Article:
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Outdoor furniture can give your yard a whole new look, turning a basic patio into a living or dining room. What’s more, these pieces are designed to withstand environmental factors, ensuring you have a stunning outdoor living space for years to come. However, even the heartiest furniture requires care – maintaining your furniture will help it last longer and keep its original beauty. And what about updating the look of your pieces?Painting your outdoor furniture could give it new life.
Here are tips for making sure your outdoor furniture looks great and serves you well as long as you own it:
How you clean your outdoor furniture comes down to the materials it’s made of and the piece you’re working on. Cushions and wood chairs, for instance, should receive slightly different treatment. Here are best practices for washing various furniture types:
Composite - Clean composite wood patio furniture as dirt and debris accumulates with a damp cloth and a mild soapy solution; rinse and dry thoroughly afterwards. Be sure to speedily clean up spills, grease and grime to prevent unsightly stains and mold from occurring. It’s important to note that using a pressure washer on composite furniture is not recommended.“Plant wicker tends to be more fragile than synthetic versions, so you’ll have to clean gently.”
Wicker - Before getting to work cleaning wicker furniture, double check to see whether it’s synthetic or natural. For synthetic options made from resin wicker, you can easily spray them clean with a hose. If they have more stubborn dirt, use a soft-bristle brush with a mixture of mild soap and water. Plant wicker tends to be more fragile, so you’ll have to clean gently. Use a slightly damp soft cloth with a mixture of mild soap and water – scrub gently to avoid chipping paint or scratching the material. In both cases, be sure to rinse thoroughly and dry right away.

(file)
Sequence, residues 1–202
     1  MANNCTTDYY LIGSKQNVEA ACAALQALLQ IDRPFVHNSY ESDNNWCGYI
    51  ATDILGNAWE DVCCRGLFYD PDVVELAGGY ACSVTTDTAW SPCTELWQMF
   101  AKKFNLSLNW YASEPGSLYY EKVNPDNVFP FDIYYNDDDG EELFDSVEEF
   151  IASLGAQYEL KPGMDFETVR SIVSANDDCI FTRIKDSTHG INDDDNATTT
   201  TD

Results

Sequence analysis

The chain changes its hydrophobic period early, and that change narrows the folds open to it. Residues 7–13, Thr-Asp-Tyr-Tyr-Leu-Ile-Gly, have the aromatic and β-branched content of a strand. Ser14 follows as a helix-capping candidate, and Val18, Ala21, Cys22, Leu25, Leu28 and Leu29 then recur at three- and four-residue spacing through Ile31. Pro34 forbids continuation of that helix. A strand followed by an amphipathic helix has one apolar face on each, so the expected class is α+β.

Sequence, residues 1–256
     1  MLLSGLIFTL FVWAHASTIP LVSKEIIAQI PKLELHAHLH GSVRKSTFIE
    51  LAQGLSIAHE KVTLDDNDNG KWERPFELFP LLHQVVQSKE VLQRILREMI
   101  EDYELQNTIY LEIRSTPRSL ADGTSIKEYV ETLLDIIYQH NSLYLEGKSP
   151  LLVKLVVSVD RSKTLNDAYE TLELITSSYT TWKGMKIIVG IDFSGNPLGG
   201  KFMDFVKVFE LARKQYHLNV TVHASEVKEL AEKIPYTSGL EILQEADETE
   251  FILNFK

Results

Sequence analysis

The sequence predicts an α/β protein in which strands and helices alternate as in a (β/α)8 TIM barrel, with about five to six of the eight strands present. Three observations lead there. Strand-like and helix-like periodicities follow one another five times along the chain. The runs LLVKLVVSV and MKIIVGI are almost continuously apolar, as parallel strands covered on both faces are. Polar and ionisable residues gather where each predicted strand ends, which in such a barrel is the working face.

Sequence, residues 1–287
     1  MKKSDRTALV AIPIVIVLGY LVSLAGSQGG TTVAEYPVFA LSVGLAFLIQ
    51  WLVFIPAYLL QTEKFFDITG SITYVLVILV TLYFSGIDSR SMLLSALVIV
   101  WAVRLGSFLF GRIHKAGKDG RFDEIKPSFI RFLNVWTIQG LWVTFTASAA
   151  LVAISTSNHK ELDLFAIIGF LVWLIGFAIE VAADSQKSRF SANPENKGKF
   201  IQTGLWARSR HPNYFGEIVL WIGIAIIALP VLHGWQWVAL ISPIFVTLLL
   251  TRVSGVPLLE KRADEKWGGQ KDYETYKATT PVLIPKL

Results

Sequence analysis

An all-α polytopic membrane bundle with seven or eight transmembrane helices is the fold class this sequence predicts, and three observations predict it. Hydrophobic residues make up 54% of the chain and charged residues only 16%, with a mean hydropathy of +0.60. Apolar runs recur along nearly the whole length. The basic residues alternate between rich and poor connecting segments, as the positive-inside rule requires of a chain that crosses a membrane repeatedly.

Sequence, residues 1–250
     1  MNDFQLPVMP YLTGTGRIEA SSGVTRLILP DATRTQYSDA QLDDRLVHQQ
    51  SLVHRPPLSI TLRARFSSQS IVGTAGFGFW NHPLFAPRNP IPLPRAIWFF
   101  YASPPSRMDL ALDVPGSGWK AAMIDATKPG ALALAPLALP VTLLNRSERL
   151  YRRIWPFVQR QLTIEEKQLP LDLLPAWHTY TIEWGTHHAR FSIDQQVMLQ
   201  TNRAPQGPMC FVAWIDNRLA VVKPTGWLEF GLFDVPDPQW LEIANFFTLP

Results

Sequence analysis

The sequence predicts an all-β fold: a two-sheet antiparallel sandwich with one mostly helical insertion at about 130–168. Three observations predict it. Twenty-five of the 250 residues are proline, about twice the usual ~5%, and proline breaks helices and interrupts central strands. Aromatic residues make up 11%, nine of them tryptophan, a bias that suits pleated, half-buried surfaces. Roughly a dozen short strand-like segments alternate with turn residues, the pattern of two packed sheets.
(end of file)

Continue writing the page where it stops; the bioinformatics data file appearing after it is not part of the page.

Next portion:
Wood - Using a mixture of oil-based mild soap and water, scrub your wood furniture. If it’s a soft wood, such as cedar, scrub in the direction of the wood grain. Teak and other hardwoods don’t require this step. Use as little water as possible, and don’t hose down your furniture. Additionally, some woods should get a coat of oil after cleaning. Double check what kind of wood your chairs are made of – teak should not get a coat of oil because it can trap moisture and cause molding.
Metal - As with most other outdoor furniture pieces, you can use soap and water to scrub metal furniture. Make sure to work on areas where rust is present until you’re left with bare metal. Wipe down the furniture with mineral spirits, paying attention to those spots where rust used to be. If you had rust spots, you’ll likely have to paint your piece. Prime first, then paint. Let the metal dry. If there was no rust, a simple clean will do.
Plastic - Create a mixture of gentle detergent and water. Rinse your furniture with a hose, then scrub it using a sponge or cloth. Avoid using a scouring pad. Rinse again with the hose, and let your furniture dry. If you can, put it in a sunny patch in your yard – that way, the warmth will dry it faster.
Cushions - To prevent stains, it’s best to clean fabrics regularly before dirt and food particles have a chance to accumulate. This will also help you avoid more frequent vigorous cleaning sessions. To get started, spot clean your cushions with a mild soapy solution and a sponge or soft bristly brush. For more difficult stains, a commercial stain remover may be used (follow manufacturer’s instructions and spot test). Don’t machine wash or put cushions in the dryer.
Even with proper cleaning and maintenance, you may need to give your outdoor furniture a facelift – over time, dulling or chipping paint can look grubby. Fortunately, updating your pieces with paint is a pretty straightforward DIY project.
If you don’t need to paint your furniture but you want to give it new life, you can always go in another direction. Here are some ideas for sprucing up your lawn furniture: